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31 of 34 people found the following review helpful
on 21 October 2006
I am currently studying A-Level at secondary school, and as part of an english coursework project, I chose to study this book.

The topic for my coursework piece was the cause and effect of prejudice. This autobiographical novel was quite fitting, as it focusses on Maya Angelou, a young girl who, along with her brother, was left in the care of her grandmother and uncle, by their own parents. In the backward town of Stamps, Maya grows up in the 'black' area of the town, and the contact with the white population is so scarce that the girl even wonders at times if they really exist, or if the horrific stories she hears about them are made up.

Maya doesn't fit in in the coloured community, but nor does she fit in within the white community. Out of touch with everything around her, she says;

"If growing up is painful for the Southern black girl, being aware of her displacement is the rust on the razor blade that threatens the throat."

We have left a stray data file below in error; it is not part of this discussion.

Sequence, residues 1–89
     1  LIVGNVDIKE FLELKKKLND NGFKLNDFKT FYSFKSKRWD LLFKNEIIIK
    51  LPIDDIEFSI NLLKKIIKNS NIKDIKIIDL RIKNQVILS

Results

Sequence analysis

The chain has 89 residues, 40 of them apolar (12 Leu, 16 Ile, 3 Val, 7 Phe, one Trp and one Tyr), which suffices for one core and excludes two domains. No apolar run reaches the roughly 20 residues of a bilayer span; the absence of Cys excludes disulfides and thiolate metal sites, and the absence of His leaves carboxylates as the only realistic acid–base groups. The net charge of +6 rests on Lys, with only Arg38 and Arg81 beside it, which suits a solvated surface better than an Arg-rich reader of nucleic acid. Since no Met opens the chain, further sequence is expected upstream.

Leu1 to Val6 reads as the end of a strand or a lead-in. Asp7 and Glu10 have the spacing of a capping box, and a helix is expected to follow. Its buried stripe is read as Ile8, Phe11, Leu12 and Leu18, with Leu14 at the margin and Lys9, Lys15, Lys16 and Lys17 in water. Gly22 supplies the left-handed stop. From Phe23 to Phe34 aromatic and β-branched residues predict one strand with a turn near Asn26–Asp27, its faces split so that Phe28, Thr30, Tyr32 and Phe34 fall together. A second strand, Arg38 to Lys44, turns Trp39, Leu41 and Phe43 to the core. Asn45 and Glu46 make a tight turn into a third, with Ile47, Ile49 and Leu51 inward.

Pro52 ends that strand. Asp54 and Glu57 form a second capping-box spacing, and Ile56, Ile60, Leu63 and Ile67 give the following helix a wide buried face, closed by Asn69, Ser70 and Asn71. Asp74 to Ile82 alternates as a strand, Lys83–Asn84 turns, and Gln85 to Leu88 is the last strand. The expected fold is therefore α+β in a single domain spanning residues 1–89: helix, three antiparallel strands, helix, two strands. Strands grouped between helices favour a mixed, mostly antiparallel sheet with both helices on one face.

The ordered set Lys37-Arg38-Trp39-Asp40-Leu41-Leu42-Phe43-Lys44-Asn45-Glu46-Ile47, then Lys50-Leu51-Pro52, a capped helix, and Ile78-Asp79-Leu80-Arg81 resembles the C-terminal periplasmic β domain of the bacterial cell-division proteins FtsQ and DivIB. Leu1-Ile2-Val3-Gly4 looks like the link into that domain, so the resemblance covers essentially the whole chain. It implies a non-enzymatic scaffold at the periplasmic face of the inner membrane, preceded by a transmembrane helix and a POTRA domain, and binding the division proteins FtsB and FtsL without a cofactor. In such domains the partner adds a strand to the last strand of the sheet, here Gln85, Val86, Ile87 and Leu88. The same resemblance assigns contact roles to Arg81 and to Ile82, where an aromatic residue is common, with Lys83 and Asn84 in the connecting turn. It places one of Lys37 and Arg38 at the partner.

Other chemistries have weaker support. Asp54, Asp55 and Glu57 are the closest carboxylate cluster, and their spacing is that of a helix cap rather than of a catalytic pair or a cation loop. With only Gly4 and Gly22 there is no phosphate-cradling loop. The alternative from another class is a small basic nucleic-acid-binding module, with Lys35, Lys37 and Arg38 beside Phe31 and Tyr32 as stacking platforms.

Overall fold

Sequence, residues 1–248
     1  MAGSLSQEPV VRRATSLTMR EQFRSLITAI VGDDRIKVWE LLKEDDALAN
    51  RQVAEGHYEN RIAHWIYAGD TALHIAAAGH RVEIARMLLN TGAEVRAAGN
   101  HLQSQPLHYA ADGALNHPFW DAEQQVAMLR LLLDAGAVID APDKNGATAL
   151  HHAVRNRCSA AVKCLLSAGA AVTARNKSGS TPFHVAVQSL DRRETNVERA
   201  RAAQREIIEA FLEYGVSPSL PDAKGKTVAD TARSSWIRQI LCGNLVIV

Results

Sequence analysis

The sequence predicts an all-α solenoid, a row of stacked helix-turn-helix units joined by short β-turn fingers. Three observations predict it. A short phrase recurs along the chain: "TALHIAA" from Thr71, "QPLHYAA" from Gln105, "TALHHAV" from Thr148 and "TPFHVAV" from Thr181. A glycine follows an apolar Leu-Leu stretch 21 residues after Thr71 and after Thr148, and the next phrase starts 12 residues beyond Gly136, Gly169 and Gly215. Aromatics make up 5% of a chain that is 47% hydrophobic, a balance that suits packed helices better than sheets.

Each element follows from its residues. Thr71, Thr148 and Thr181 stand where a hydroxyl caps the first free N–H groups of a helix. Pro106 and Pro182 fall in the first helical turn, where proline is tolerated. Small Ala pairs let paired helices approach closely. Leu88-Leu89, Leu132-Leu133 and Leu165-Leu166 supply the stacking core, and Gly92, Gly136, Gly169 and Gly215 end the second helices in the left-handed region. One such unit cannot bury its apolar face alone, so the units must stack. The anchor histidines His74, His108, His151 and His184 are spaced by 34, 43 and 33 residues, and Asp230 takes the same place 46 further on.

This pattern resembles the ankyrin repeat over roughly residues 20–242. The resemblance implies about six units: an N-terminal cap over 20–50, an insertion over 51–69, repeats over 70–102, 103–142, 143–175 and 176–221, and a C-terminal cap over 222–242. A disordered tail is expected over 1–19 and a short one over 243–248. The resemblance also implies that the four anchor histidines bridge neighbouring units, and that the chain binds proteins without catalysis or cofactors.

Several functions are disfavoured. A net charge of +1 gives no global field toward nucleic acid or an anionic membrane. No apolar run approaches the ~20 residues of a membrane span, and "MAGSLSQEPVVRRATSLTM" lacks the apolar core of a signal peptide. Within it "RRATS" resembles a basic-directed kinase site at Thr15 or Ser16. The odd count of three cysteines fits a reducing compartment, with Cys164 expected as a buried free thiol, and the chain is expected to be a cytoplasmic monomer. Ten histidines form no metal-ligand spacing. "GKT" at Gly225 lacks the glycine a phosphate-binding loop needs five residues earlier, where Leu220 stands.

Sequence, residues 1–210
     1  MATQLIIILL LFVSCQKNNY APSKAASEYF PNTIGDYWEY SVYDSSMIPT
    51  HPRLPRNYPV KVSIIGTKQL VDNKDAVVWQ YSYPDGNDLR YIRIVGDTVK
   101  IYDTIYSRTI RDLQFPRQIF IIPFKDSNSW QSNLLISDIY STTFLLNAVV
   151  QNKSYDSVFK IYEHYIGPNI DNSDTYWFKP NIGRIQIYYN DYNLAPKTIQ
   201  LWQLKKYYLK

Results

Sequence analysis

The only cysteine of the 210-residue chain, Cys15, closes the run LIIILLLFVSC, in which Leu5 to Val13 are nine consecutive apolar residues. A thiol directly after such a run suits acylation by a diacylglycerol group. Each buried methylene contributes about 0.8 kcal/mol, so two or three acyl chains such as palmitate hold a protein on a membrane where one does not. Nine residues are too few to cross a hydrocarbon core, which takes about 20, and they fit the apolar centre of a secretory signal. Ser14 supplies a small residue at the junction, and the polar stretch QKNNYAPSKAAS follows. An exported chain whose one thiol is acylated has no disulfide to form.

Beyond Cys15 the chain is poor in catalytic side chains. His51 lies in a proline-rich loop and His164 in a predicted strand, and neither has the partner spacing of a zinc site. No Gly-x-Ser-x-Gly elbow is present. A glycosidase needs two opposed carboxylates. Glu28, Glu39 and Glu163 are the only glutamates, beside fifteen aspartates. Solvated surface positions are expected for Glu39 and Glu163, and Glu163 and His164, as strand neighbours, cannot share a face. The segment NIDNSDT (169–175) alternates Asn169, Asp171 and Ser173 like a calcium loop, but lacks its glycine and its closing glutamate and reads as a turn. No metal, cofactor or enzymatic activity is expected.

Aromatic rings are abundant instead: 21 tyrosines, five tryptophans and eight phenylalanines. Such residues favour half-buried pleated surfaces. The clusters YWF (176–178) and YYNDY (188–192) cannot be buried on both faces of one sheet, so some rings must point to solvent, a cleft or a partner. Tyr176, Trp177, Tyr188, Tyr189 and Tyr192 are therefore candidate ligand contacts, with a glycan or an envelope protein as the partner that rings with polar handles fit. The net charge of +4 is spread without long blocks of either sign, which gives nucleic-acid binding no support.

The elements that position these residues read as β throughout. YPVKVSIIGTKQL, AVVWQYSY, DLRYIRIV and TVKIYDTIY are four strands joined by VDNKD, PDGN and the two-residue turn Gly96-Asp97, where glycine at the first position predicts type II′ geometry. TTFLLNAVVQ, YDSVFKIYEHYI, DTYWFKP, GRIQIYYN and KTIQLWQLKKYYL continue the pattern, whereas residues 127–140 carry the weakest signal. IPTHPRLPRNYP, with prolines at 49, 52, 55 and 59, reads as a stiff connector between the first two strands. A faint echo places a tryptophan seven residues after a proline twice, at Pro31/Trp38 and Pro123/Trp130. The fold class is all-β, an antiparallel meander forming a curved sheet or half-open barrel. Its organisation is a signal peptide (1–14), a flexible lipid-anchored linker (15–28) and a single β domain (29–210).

Throughout her life, Maya goes through some horrific experiences; attacked by her mother-in-law, abandoned in the middle of Mexico, rape, a nervous disposition, and overcoming racial prejudice, and one can actually witness her growth as a result of all of this, through Angelou's evocative language.

It was very well written, with some astute imagery, which came in very useful for my coursework piece.

I compared it with To Kill A Mockingbird, if you're interested.
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4 of 4 people found the following review helpful
on 30 October 2003
I must admit I wasn’t looking forward to reading this book but necessity prevailed, as it was part of my literature class!
Maya gives a ‘fly on the wall’ experience throughout the book. Brilliantly written, it takes you on an emotional journey where you will experience anger that knots your stomach, sadness that burns your eyes and laughter that hurts your cheeks and bursts your rib cage [especially Chapter 6].
I will be ever indebted to my English tutor, Roy Allen, for choosing this book for our subject.